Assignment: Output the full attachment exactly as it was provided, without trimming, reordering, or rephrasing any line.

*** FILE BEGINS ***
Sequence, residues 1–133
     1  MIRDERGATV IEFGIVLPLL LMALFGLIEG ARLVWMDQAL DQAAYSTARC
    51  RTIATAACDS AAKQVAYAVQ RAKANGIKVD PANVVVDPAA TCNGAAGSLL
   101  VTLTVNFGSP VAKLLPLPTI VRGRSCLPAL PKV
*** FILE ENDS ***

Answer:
Sequence, residues 1–133
     1  MIRDERGATV IEFGIVLPLL LMALFGLIEG ARLVWMDQAL DQAAYSTARC
    51  RTIATAACDS AAKQVAYAVQ RAKANGIKVD PANVVVDPAA TCNGAAGSLL
   101  VTLTVNFGSP VAKLLPLPTI VRGRSCLPAL PKV